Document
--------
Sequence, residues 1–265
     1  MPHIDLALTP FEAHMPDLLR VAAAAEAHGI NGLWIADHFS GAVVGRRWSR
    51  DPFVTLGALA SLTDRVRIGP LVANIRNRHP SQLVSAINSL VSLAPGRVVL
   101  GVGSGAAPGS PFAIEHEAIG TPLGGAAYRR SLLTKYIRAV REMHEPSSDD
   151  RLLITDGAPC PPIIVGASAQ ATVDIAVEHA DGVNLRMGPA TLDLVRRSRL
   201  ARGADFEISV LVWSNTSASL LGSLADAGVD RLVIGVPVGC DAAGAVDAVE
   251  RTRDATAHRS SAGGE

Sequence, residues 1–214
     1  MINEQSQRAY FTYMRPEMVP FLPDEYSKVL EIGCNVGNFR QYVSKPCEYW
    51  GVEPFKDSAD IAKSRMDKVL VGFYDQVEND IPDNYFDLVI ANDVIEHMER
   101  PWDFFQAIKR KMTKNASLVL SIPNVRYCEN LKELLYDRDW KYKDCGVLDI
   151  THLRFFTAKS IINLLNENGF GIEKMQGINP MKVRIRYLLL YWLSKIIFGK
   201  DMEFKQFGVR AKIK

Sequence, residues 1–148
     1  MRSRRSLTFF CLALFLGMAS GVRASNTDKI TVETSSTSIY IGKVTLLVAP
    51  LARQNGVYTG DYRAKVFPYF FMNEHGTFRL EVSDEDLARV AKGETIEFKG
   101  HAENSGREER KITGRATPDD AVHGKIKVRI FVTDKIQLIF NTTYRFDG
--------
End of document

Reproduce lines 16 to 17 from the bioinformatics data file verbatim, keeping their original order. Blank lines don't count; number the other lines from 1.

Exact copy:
    51  LARQNGVYTG DYRAKVFPYF FMNEHGTFRL EVSDEDLARV AKGETIEFKG
   101  HAENSGREER KITGRATPDD AVHGKIKVRI FVTDKIQLIF NTTYRFDG